Turning first to the issue raised under Section 102, the Court notes that that section has been interpreted as precluding the grant of a patent only when the claimed invention is described in a printed publication in such a manner that the disclosure in the publication is specific to every critical element of the application claims and when the disclosure in the publication is sufficiently enabling to place the subject matter claimed in the application in the public knowledge.

Simply stated, a prior publication or patent description will be considered as anticipatory when its disclosure is at once specific and enabling with regard to the particular subject matter at issue. In effect, a prima facie case is made out whenever a reference is shown to contain a disclosure which is specific as to every critical element of the appealed claims. However, such disclosure may yet be held not to legally anticipate the claimed subject matter if it is found not to be sufficiently enabling, in other words, if it does not place the subject matter of the claims within "the possession of the public."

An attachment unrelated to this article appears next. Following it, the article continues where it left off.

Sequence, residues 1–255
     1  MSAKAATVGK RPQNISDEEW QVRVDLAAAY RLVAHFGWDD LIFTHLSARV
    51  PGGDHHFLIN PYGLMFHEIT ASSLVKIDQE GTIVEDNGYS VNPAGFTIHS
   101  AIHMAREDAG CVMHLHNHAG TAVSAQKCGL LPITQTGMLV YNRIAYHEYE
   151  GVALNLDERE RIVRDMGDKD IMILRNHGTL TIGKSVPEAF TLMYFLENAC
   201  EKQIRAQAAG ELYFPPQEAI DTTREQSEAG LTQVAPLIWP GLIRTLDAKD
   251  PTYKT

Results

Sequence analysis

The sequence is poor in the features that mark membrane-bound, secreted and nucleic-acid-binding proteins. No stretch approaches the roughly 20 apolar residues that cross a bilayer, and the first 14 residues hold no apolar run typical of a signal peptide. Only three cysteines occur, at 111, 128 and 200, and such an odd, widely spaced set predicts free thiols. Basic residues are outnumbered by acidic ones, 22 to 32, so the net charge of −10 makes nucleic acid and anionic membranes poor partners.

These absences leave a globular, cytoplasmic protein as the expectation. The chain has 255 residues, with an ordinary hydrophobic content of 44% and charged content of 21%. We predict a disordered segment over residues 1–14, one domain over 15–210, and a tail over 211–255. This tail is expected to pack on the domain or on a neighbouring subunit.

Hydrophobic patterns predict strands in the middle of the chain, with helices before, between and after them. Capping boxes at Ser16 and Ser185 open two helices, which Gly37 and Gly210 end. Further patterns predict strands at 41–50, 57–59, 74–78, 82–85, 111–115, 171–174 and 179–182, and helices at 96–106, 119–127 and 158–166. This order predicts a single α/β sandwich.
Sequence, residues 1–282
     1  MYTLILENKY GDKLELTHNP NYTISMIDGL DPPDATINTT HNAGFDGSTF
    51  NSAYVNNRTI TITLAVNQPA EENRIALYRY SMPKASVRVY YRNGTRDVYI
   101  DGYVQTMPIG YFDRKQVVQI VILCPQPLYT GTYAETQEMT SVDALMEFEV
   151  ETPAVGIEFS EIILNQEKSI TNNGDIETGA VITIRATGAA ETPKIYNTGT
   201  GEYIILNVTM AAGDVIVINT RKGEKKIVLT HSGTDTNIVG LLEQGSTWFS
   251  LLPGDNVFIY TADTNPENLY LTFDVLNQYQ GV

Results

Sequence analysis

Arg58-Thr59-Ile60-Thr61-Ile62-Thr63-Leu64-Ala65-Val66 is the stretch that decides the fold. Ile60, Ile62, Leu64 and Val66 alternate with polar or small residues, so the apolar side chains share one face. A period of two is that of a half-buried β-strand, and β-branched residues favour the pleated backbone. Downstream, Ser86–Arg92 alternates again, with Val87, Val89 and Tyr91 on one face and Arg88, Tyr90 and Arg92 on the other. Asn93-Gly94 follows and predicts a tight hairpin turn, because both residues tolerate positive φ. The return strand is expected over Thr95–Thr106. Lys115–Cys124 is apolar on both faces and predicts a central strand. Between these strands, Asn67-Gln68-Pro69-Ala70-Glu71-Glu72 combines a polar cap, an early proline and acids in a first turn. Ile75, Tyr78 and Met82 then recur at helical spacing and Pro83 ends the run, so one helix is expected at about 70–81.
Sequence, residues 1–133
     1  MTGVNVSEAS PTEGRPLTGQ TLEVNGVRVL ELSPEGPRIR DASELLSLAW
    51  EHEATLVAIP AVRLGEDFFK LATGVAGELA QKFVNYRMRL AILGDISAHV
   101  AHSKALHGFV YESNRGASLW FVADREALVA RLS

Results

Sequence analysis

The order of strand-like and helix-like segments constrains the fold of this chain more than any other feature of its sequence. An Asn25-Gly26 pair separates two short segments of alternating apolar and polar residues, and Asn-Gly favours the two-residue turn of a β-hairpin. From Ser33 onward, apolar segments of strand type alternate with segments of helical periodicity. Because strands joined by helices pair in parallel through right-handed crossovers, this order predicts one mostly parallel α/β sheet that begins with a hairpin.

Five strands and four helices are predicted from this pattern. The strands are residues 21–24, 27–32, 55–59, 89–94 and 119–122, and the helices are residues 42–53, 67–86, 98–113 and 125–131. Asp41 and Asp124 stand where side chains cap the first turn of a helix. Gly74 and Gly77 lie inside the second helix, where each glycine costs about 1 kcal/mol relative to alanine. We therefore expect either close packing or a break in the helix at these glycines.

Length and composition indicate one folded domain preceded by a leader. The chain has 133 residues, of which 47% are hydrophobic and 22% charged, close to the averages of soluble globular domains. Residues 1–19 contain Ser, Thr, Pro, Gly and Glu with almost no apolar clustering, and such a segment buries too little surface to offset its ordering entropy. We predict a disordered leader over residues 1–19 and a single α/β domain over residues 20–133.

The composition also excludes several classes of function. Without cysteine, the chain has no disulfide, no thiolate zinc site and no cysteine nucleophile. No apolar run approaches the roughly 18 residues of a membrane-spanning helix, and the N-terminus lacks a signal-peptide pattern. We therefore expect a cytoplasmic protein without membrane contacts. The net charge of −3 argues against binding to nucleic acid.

In re Wilder, 429 F.2d 447, 451, 57 CCPA 1314 (1970) (citations omitted, emphasis this Court's). In Application of LeGrice, 301 F.2d 929, 936, 49 CCPA 1124 (1962), the court observed:

*90 We think it is sound law, consistent with the public policy underlying our patent law, that before any publication can amount to a statutory bar to the grant of a patent, its disclosure must be such that a skilled artisan could take its teachings in combination with his own knowledge of the particular art and be in possession of the invention.

(Emphasis in the original).